Did you know ... Search Documentation:
Building on Unix using GNU autotools

This page describes building SWI-Prolog from source for versions prior to 7.7.20. More recent versions are built using cmake. The process is described on this page.

Preparing the source (when downloading using GIT)

The tar ball is self contained. The GIT repository contains sub modules and does not contain generated files. The GIT source is downloaded and prepared for building using the commands below:

git clone https://github.com/SWI-Prolog/swipl-devel.git
cd swipl-devel

Similarly, the sequence to update the source using git and rebuild is

make distclean
git pull

Getting the prerequisites

Building SWI-Prolog from source requires tools as well as libraries. We maintain pages that describes the required dependencies by platform. The last entry of the list below describes the dependencies in platform independent way.

Using the build.templ script

Both to facilitate frequent installs and to show some common options, you are invited to use the build.templ script located in the top directory. Copy this file to build and edit it according to the [EDIT] instructions in the script. Then simply run the script as below. This script is fairly independent from versions, so preserve your customised script for later releases.

% tar zxvf swipl-<version>.tar.gz
% cd swipl-<version>
% cp -p build.templ build
% <edit> build
% ./build

If the above fails, follow the instructions below.

Doing it in multiple steps

The configuration on Unix is based on GNU-Autoconf, a set of scripts that automatically extract system characteristics and creates the Makefile and C config header config.h. The generated Makefile only works with GNU-Make. The installation requires an ANSI-C compiler. Configure prefers the GNU-project C-compiler gcc, but many other compilers work fine too. The first step, building SWI-Prolog lite, is outlined below.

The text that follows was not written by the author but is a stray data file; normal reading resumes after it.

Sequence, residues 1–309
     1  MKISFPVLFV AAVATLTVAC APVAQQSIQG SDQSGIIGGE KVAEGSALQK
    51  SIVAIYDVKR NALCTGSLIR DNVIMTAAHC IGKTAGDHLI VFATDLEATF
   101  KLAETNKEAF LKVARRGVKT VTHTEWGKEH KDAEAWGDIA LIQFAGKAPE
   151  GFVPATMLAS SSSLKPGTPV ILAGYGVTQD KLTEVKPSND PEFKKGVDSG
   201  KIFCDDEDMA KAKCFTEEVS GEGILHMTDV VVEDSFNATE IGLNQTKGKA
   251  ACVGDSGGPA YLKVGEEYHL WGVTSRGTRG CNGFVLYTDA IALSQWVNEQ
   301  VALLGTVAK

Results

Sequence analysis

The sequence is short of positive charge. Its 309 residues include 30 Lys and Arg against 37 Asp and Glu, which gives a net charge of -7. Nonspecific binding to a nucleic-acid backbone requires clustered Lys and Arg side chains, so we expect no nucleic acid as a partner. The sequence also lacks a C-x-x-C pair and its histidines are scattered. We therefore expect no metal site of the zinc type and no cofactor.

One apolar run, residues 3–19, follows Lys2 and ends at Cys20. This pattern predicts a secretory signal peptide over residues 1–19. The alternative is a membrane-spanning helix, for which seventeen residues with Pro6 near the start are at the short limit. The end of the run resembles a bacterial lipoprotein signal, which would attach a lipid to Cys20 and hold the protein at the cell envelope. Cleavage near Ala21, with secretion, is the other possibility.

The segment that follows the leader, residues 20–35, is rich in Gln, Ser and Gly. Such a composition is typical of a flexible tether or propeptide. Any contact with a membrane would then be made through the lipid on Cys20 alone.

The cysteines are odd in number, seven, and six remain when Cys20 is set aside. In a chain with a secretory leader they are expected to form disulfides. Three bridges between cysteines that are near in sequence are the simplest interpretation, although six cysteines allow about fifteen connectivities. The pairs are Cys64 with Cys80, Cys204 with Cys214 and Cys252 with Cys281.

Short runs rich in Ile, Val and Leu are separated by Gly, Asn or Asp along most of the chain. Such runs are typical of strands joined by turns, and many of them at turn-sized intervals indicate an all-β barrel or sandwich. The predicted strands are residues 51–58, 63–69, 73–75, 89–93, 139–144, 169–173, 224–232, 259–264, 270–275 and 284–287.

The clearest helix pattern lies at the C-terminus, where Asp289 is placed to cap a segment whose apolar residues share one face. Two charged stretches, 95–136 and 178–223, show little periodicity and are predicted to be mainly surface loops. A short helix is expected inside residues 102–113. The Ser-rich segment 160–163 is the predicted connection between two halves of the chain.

% gzip -d < swipl-<version>.tar.gz | tar xvfB -
% cd swipl-<version>/src
% ./configure			# see bellow
% make
% [su root]			# for public installation
% make install

The second step, building all tools, is only supported for machines on which building and loading shared libraries is supported, luckily this is the case on almost all modern operating systems.

The packages are built and installed from the packages directory in the main distribution directory. The file README there contains additional information on building the packages. The basic procedure is:

% cd swipl-<version>/packages
% ./configure
% make
% [su root]			# for public installation
% make install

Finally, packages can be installed one-by-one. With pl installed in a your $PATH, simply go to the desired package directory and run the standard GNU/Linux installation procedure. Global configure options such as installation location are extracted from Prolog. Some package configure scripts provide additional options that specify the location of required libraries.

% ./configure
% make
% [sudo] make install

configure is a Bourne Shell script doing the actual configuration for your computer. The most important options of configure are:

Print a list of all available options. See the files INSTALL and INSTALL.notes in the distribution for additional information.
Set the base directory for the installation. The executables are stored in prefix/bin/, the library in prefix/lib/pl-%plversion/ and the include files in prefix/include. For public installation (by root), /usr/local is the default. For private installation it is normal to specify $HOME
Overrides the directory for installing the executables to exec_prefix/bin/, normally used on heterogeneous networks.

After successful installation, the compilation directory may be removed.

In case of trouble ...

The file INSTALL in the source directory contains the generic documentation about installing autoconf-based programs. The file INSTALL.notes in the same directory contains additional SWI-Prolog related hints.

If configure fails, try using bash configure. If make fails, try using GNU-make and gcc.

If all fails, have a look at the Support page.

Post installation (JPL)

If you want to call Java from Prolog using JPL, you need to add the directory holding the JVM shared objects to the dynamic linker search path. Using default installation on Ubuntu, this is achieved by adding the following to your ~/.profile: